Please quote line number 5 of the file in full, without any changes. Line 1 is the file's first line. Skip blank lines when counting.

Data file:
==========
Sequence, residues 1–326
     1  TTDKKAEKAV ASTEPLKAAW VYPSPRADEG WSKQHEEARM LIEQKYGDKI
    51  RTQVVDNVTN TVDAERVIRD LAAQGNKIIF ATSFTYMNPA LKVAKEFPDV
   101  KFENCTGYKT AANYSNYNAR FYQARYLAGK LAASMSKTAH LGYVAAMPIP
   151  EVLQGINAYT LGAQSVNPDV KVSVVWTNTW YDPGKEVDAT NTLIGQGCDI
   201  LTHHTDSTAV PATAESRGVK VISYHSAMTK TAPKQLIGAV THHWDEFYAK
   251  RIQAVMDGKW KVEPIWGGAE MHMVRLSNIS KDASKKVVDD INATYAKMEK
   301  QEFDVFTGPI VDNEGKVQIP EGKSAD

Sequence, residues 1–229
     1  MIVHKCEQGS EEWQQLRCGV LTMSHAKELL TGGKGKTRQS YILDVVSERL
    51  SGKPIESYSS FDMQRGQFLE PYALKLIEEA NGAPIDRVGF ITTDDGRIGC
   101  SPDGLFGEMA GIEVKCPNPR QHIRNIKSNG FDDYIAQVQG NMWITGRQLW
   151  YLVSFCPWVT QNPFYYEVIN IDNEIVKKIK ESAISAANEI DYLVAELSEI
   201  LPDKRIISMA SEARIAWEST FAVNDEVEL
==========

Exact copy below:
   151  EVLQGINAYT LGAQSVNPDV KVSVVWTNTW YDPGKEVDAT NTLIGQGCDI